The TV series that never was

OK, here’s an idea for a TV series and accompanying book, which I’d love someone to make and write, please.

Nearly everyone suffers from low mood at some stage, and we all know that what we eat can have a big effect on how we feel.

But when we feel low, how often do we remember to eat the foods that could boost our well-being?


Just as important, how do we motivate ourselves to eat properly when we’ve scarcely the energy to get out of bed?

Isn’t there a genuine need to know how to cook simple, delicious dishes designed to lift the spirits?

The recipes in the programme and book must be tantalisingly mouth-watering with not a hint of hand-knitted muesli.

They must require no more than a handful of ingredients, preferably making use of supplies that may already be in the fridge or larder.

They need, please, to be presented in a light-hearted way, and should be (yes) fun to make and eat.

It’s not rocket science.

A diet for good mental health would include lots of fruit and vegetables (different types); wholegrain cereals or bread; nuts and seeds; dairy products, and oily fish.

However, a list like this sounds a bit, well, dreary.

So take these basic ingredients and help me rustle up something tasty.

Please don’t bog me down with nutritional theory.

I want to feel better, not better-educated.

Don’t give me methods that take forever to prepare.

If I want to eat, I want to eat soon.

Give me interesting tastes and aromas to pep me up: I’m feeling sad, not sick.

Last but by no means least, please let the whole thing be presented and written by someone who loves food.

Not a white-coated expert.

Nor a scientist or doctor.

Just someone who tells it like it is, and makes us think, ‘You know, I might just cook that tonight’.

So the next time you’re talking to a commissioning editor or publisher (you do all the time, right?), please feel free to pass on this little idea.

But get a move on if you can.

I’m actually feeling a bit peckish.

12 thoughts on “The TV series that never was

  1. Sit in the sun if possible, eat something really fresh, a crab, a roll, with a chilled glass of your preference and saviour every mouthful.

  2. Food is so important. Balanced over the weeks, day, and on each plateful. I can highly recommend Nigel Slater for sensible, seasonal, and often store cupboard ingredients. He writes well, doesn’t make anything sound long winded or complicated, feels and states that his recipes are ideas that can be varied to suit oneself, and there is not a long list of stuff in each recipe!

    That aside: try some fresh herrings in oatmeal with green veg and brown bread and butter. Delicious and brainfood’ too.

  3. Layer up plain yogurt with grated apple with tiny amount of honey or molasses sugar in a glass

    Similar but use cooked berries instead of apple

    Takes a few minutes only

  4. I get a slice of whole meal bread put a banana in it length wise. Fold it over a press it slightly
    Banana in a blanket

  5. I thought about writing a blog with ultra quick healthy food as the recipes or combinations are just way too simple to be in a book form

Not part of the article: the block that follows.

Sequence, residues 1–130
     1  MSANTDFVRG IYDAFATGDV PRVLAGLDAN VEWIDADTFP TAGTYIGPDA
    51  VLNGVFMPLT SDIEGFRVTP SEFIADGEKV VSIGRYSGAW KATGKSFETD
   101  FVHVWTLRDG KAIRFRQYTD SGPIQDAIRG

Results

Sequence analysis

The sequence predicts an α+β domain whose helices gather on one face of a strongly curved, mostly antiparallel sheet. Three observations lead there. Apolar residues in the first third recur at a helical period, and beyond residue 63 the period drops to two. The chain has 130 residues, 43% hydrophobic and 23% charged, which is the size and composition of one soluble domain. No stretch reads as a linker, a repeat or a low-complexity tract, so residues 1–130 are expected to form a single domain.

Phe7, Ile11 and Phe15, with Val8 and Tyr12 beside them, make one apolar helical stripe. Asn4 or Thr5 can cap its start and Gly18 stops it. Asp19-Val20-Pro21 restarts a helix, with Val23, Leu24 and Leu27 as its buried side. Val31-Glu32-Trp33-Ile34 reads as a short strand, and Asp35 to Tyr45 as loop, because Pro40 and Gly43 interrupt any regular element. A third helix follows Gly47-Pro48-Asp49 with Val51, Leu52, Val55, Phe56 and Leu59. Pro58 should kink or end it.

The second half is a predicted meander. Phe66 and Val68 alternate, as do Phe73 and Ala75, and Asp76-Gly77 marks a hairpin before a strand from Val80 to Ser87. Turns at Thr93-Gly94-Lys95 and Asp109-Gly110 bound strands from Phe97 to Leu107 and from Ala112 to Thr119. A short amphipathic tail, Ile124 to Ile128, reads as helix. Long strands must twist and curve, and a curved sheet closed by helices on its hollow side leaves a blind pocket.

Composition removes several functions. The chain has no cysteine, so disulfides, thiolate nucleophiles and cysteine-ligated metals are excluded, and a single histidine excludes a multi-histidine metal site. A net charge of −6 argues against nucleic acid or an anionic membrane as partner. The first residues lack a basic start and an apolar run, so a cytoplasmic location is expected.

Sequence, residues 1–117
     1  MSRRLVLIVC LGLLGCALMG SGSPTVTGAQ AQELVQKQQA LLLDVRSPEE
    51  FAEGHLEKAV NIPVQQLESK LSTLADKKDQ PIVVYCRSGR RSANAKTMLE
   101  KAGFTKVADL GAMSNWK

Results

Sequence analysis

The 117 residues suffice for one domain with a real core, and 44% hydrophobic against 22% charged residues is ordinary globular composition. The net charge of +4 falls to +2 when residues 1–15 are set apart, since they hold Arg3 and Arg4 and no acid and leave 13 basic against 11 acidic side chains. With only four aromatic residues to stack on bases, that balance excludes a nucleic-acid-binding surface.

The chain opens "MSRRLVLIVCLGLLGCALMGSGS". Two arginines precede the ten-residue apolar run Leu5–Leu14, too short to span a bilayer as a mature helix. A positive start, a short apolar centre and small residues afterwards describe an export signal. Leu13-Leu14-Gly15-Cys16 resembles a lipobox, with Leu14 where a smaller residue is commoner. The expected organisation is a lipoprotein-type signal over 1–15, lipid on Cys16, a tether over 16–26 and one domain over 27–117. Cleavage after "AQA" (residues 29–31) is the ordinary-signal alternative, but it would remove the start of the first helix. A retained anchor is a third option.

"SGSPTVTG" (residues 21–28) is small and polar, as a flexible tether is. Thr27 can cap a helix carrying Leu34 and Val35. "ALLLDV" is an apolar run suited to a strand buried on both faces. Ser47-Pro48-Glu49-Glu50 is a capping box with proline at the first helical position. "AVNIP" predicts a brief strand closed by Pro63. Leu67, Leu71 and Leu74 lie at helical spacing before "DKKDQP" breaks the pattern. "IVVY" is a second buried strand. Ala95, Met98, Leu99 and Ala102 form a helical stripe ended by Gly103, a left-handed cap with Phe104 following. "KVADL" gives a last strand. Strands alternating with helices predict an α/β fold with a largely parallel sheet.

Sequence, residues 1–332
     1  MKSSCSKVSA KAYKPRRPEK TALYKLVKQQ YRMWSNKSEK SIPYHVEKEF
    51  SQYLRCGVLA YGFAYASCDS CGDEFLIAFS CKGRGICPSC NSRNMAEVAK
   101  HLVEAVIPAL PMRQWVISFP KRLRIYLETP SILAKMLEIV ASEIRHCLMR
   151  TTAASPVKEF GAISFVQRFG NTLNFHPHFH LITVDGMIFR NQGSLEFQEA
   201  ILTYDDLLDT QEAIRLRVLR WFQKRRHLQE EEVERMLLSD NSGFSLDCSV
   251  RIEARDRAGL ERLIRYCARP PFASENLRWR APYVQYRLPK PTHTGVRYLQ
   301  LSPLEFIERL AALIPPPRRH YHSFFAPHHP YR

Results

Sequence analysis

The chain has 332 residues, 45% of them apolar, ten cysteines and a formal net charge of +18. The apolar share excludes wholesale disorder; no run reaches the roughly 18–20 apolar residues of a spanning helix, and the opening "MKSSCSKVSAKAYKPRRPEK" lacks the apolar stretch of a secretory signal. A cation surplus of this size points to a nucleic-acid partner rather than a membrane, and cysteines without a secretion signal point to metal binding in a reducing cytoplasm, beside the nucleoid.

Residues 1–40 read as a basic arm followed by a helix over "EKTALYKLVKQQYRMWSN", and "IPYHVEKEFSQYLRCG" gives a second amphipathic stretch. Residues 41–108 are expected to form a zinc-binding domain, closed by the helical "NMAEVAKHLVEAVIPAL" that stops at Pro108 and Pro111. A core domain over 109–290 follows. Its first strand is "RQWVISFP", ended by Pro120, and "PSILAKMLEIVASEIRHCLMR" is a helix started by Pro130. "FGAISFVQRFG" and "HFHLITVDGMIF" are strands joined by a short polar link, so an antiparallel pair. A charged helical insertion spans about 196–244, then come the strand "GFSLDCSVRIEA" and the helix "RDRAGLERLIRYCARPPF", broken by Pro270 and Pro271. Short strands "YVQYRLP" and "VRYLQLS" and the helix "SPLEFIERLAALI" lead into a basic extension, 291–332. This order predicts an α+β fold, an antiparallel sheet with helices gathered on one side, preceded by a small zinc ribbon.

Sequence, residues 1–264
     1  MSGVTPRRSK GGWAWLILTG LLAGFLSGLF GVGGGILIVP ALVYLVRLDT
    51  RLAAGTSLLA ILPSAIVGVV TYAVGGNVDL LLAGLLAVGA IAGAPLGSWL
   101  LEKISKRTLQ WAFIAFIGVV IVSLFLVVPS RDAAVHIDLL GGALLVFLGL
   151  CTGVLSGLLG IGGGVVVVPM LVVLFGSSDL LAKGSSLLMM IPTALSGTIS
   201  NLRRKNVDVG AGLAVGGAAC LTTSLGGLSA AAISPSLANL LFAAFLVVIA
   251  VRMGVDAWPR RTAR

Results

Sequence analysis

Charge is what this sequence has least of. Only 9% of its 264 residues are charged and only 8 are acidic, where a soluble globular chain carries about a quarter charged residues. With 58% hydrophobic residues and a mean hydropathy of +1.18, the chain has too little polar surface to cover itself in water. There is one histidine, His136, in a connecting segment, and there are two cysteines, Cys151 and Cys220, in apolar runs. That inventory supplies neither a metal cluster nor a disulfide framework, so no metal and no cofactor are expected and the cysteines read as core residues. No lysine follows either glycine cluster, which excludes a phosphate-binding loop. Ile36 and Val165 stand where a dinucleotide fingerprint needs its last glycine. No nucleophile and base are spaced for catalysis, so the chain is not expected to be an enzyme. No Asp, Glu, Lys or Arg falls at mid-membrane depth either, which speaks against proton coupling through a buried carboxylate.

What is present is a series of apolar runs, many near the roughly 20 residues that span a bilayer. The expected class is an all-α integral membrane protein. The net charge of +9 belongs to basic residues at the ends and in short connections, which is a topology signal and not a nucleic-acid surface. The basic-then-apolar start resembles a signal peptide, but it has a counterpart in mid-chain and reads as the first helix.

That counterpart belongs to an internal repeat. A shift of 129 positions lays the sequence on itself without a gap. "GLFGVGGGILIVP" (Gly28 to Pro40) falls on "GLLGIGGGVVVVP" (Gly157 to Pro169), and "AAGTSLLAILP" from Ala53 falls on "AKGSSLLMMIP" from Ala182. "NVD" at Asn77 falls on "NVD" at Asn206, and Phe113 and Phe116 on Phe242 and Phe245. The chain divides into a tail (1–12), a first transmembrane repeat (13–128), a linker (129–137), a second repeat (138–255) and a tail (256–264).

Grapefruit halved under a grill with a knob of butter and a sprinkle of cinnamon If no grill microwave for one minute

  6. Mud on toast

    Smash up a tin of sardines put in bowl microwave a minute. Serve on two slices of toast Season with whatever
    I like brown sauce but pepper n lemon juice is good too

  7. I can’t help you with the food but I can suggest that a further factor which you might like to consider is where you eat, when you are feeling down?

    If you are unfamiliar with chopsticks you might like to try Chinese food and take in the oriental culture whilst you eat.
    Eating fish and chips on the beach with the salty air and the enjoyment of watching people splashing about in the water in the fine weather.
    Maybe just having a coffee in a busy town watching people hurrying along to their work whilst you are sitting quietly in a coffee shop watching the world go by, in no rush to go anywhere that is particularly satisfying and surely will lift your mood.
    You might like the Indian restaurant to take you away to the far east with a curry or maybe like myself you just might like to eat outside in the sun!
    That always cheers me up, how about you?

  8. I am so with you on this one. I know food and my mood are related, when I haven’t eaten on time which is frequent, I stand and stare hopelessly into a not interesting fridge. When I am very hungry my stomach doesn’t really grumble but my blood pressure drops and I couldn’t care less if I get run over but as soon as I have eaten (well about half an hour or more later) I could maybe run across the road. I don’t really want the recipes I want someone to produce dog food for humans, something perfectly balanced that you put in a bowl maybe 3 times a day add water and eat it. No cooking, it keeps you healthy and your hair shines if it is good quality stuff. You could eat this when you feel really rubbish and then cook when your mood has improved. Protein bars are not this, are they?

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